Devastating Floods Hit Turkey as Country Reels From Hundreds of Wildfires
What's happening in Turkey is a peek at our climate future.
An aerial photo shows the destruction after floods and mudslides killed about three dozens of people, in Bozkurt town of Kastamonu province, Turkey, Friday, Aug. 13, 2021.Photo: AP (AP)
Flash floods have killed at least 27 people in northern Turkey after intense rains hit areas around the Black Sea Wednesday and caused streams and rivers to burst their banks. The floods come as the country struggles in the aftermath of hundreds of fires in the country’s southern region that killed at least eight people, forced thousands to evacuate, and burned more than 230,000 acres of forest.
More than 1,700 people have been evacuated across the northern provinces of Kastamonu, Samsun, Bartin, and Sinop following Thursday’s floods. At least five bridges collapsed in the affected region, and more than 300 villages are without power. While authorities have yet to put an official number on the number of people missing, one local broadcast outlet guessed it could be more than 100, while an opposition politician said it could be 300. Thus far, the missing include eight people from the same family, including four children.
Videos posted to social media show floodwaters gushing through towns with alarming force, plowing through buildings and picking up cars with ease. The Black Sea region is prone to flooding at this time of year, and experts say that the area has been mismanaged, with buildings built into flood plains and riverbeds and narrowing the rivers themselves. However, Turkish Interior Minister Suleyman Soylu, who visited the affected area, called Thursday’s floods “the most severe flood disaster I have seen,” and said floodwaters reached 10-13 feet (3-4 meters) in some places.
The floods come just as Turkish officials say that the more than 200 wildfires burning in the southern regions are mostly under control. The fires began July 28, and corresponded with searing temperatures in the area: Turkey logged its highest temperature on record, 120.4 Fahrenheit (49.1 degrees Celsius) in mid-July, and Antalya, a tourist destination at the center of the fires, had consistent temperatures above 104 degrees Fahrenheit (40 degrees Celsius) in early August. Ground temperatures maxed out at a whopping 127 degrees Fahrenheit (53 degrees Celsius) in Turkey. In neighboring Greece, which also saw breaking heat records and devastating wildfires, satellite images released Thursday show the extent of the damage over a 10-day period earlier this month; officials said Friday that a new fire had broken out on the battered island of Evia.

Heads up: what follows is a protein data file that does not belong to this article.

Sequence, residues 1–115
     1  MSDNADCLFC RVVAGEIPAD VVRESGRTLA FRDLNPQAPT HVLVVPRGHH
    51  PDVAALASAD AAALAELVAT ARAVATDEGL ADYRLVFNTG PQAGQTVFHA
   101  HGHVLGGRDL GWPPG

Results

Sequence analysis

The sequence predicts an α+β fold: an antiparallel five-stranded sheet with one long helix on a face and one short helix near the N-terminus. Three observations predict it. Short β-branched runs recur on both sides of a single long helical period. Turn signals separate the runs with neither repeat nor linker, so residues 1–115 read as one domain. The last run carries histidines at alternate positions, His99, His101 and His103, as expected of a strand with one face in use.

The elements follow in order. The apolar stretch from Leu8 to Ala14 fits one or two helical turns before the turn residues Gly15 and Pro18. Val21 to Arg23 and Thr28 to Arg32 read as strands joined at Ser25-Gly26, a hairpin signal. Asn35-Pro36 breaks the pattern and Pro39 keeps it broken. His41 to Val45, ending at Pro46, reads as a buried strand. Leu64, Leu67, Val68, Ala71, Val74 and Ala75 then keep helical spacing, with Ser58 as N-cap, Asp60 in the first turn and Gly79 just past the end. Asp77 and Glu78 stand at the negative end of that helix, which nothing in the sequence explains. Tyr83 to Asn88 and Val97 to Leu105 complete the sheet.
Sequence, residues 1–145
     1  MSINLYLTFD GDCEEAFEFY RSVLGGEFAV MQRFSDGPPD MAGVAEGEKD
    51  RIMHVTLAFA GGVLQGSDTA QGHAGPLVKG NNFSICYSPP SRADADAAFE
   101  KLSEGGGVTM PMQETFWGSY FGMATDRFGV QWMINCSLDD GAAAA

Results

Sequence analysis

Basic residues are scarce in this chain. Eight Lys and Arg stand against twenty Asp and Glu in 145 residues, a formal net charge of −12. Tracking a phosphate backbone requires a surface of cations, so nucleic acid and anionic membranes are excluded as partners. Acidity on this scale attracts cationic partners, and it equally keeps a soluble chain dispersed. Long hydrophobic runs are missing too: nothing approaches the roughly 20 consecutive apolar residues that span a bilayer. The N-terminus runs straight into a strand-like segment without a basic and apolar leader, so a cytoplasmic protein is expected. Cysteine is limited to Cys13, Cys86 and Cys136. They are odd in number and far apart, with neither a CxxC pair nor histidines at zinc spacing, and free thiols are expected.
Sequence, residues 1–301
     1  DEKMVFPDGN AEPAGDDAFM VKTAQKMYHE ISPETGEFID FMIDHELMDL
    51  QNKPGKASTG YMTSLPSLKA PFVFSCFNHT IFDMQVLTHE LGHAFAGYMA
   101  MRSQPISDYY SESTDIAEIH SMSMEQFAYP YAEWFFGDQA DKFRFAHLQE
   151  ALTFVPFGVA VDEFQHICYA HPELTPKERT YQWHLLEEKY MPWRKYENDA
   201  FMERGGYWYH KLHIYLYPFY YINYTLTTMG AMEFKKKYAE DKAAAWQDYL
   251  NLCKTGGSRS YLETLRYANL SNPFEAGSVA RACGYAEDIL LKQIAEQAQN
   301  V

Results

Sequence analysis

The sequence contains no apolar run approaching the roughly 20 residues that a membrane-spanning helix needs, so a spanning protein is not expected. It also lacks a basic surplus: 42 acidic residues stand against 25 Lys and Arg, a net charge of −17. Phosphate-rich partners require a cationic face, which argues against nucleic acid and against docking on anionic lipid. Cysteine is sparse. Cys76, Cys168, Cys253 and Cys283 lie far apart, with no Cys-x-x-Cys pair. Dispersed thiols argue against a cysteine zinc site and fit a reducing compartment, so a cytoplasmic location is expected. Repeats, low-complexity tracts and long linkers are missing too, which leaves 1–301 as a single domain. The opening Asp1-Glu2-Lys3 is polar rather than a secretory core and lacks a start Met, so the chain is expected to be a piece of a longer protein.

Disasters like fires and floods are going to become more frequent as the planet keeps warming. The IPCC report released earlier this week warns that rains and extreme heat and drought, which can make wildfire seasons more hellish, will become increasingly normal thanks to human activity. Heavy rains now happen with 30% more frequency around the world, and they have more rain in them too: about 7% more on average, according to the report. Heat waves that usually would have occurred once every 50 years now happen around once every decade; once-per-decade droughts, meanwhile, are now occurring 70% more frequently.
Turkey’s far from alone in facing climate catastrophe: it has hit home for many this summer that no place on Earth is safe from heat, fires, droughts, floods, and mudslides, with new catastrophes often coming back-to-back. Some places are also experiencing a second wave of climate impacts. Just a few weeks after a devastating heat wave killed hundreds of people in the Pacific Northwest, the region is suffering through yet another wave of extreme and unseasonable heat.
“Like many parts of the world, our country has been struggling with natural disasters for a while. It’s the same in America, Canada, Germany and other part of Europe,” Turkish President Recep Tayyip Erdogan said as he toured the flooded provinces. “Our hope is to escape these disasters with the least damage possible.”